Inside, the spaces are spare and basic, dominated by the raw wood of the modules and visible ceiling systems. But the whole place is enlivened by surprising colorful accents—lavender linoleum flooring in the corridors and stairways, canary yellow or moss green tiles and linoleum floors for the restrooms—thoughtfully selected to appeal to the students. On a recent visit, both school principal Susanne Goelitzer, and her deputy, Mareike Kauenfluegel, noted that parents were initially skeptical about the exposed construction. However, the good sound quality in the classrooms, largely the result of acoustic ceiling panels and “microholes” on the interior of the modular units, won them over.

The exposed wood has unexpected benefits. Affixing papers to walls in German schools is discouraged because tacks and tape deface painted surfaces, but “here it is easy to put up information for everyone to credits see,” says Kauenfluegel, effortlessly inserting a pushpin into the wood. Needless to say, artwork and flyers now adorn the hallways and classrooms.

The entire project—which took only 15 months to design, fabricate, and construct—was completed in May of 2017 and cost 20 percent less than a typical school. Though a temporary facility, the IGS Kalbach-Riedberg feels cozy and familiar, qualities that NKBAK achieved through simple means—color, material, light, air, and a straightforward plan. The staff reports that children not only feel comfortable, they have become curious about the building, and 80 percent have chosen “architecture” for their independent study project. “They want to know,” says Goelitzer, “if you build a round corner differently from a square one.”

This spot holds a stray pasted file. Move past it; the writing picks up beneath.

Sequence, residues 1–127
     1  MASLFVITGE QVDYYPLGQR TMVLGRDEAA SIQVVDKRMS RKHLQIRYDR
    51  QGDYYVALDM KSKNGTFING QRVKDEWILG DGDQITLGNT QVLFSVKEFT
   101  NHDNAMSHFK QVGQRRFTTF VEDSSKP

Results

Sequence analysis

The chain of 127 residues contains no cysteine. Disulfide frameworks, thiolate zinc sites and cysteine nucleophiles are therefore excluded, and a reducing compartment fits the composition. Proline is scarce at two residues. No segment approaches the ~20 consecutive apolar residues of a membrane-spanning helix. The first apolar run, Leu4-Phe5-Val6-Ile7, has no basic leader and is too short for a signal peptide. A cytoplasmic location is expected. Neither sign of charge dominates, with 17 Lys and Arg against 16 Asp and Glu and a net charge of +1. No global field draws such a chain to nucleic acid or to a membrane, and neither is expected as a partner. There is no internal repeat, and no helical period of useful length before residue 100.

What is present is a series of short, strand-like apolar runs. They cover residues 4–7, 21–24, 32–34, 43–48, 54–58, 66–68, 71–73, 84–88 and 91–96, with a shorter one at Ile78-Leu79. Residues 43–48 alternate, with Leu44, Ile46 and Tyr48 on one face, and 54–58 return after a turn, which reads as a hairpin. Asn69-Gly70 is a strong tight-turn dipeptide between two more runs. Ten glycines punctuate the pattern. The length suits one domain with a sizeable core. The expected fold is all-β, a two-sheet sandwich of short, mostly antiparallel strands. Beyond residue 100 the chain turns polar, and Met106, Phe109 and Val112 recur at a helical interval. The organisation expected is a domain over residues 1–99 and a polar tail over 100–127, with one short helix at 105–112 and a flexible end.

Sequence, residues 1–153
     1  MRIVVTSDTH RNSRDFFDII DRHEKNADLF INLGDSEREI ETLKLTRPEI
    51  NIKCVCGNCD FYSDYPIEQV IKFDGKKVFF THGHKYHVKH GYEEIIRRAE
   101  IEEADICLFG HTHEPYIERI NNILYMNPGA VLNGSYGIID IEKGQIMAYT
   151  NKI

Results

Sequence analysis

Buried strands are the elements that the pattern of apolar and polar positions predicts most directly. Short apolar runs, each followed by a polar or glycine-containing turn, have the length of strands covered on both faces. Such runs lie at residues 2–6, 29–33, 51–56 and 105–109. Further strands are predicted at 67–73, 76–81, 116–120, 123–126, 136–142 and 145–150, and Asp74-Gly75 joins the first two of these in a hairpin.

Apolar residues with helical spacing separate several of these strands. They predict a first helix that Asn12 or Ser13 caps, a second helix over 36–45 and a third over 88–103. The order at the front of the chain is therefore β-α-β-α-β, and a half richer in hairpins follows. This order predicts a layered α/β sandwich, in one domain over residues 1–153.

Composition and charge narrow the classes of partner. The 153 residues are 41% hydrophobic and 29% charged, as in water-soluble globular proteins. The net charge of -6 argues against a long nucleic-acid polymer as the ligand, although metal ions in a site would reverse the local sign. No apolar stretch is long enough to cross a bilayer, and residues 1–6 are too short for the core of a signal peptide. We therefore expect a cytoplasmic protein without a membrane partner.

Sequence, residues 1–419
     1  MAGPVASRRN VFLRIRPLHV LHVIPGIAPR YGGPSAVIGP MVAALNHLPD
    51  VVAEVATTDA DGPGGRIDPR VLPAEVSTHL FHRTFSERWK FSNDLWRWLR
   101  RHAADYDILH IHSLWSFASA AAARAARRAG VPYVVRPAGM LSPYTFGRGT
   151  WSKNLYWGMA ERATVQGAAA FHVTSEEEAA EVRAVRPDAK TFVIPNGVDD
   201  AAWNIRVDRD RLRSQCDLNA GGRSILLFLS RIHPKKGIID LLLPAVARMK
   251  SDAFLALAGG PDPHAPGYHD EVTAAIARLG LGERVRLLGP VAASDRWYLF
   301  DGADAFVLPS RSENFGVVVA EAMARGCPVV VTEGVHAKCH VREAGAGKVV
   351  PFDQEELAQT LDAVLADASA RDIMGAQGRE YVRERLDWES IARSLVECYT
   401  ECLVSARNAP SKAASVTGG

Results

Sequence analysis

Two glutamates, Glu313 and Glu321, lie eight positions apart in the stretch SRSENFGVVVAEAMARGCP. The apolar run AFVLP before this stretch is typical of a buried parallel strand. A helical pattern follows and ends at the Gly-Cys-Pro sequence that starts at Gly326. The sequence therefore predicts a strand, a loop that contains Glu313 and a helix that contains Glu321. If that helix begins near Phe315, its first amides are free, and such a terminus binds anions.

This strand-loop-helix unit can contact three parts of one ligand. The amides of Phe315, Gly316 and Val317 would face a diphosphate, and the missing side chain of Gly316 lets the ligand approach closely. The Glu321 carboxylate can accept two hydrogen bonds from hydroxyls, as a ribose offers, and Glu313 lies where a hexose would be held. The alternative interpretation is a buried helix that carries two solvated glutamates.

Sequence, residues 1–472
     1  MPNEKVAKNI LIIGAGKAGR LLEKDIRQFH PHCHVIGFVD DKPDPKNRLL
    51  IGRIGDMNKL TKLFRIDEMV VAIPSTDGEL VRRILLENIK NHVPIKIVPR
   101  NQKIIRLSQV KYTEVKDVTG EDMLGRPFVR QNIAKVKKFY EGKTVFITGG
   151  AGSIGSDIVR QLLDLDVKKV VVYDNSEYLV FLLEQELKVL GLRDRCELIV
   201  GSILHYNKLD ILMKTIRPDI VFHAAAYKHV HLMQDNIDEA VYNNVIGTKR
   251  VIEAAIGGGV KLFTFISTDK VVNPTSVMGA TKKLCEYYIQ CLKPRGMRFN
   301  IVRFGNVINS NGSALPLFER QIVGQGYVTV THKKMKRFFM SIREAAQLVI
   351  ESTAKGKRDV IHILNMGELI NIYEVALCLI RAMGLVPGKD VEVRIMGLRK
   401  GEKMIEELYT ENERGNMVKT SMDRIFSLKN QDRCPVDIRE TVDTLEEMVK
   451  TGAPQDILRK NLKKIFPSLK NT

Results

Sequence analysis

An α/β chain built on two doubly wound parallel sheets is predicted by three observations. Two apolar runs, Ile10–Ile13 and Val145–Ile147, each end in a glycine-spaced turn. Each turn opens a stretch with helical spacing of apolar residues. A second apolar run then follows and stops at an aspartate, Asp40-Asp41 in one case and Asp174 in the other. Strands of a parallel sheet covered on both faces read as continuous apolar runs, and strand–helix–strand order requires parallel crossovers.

Nicole Kerstin Berganski Andreas Krawczyk

Baseler Platz 1, D – 60329 Frankfurt

T +49 69 65609329  F +49 69 65609330



Personnel in architect's firm who should receive special credit:

Nicole K. Berganski, Andreas Krawczyk, Johannes Lemke


Architect of record:




Strucural Engineer: Merz Kley Partner ZT GmbH, Saegerstrasse 4, a – 6850 Dornbirn

HVAC and Electrical: Ecotec GmbH, Wilhelm-Herbst-Strasse 7, D – 28359 Bremen

Fire Protection: Wagner Zeitter Bauingenieure, Adolfsallee 27, D – 65185 Wiesbaden


General contractor:

Kaufmann Bausysteme GmbH, Vorderreuthe 57, A – 6870 Reuthe



Thomas Mayer


Structural System

Wood-Modules by Kaufmann Bausysteme

CLT by Kaufmann Bausysteme, LVL Beachwood Beams by Pollmeier


Exterior Cladding

Metal/glass curtain wall: Becker 360

Wood: carpenter: Oliver Beer



Built-up roofing: Dachland GmbH

Elastomeric: Bauder



Wood frame: Becker 360



Glass: Saint-Gobain



Entrances: Becker 360

Wood doors: Becker 360



Closers: Dorma

Pulls: FSB


Interior Finishes

Acoustical ceilings: Heradesign

Floor and wall tile: Villeroy & Boch

Resilient flooring: Forbo (Linoleum)

Special interior finishes unique to this project: Acoustic wall panels: Trikustik



Interior ambient lighting: Trilux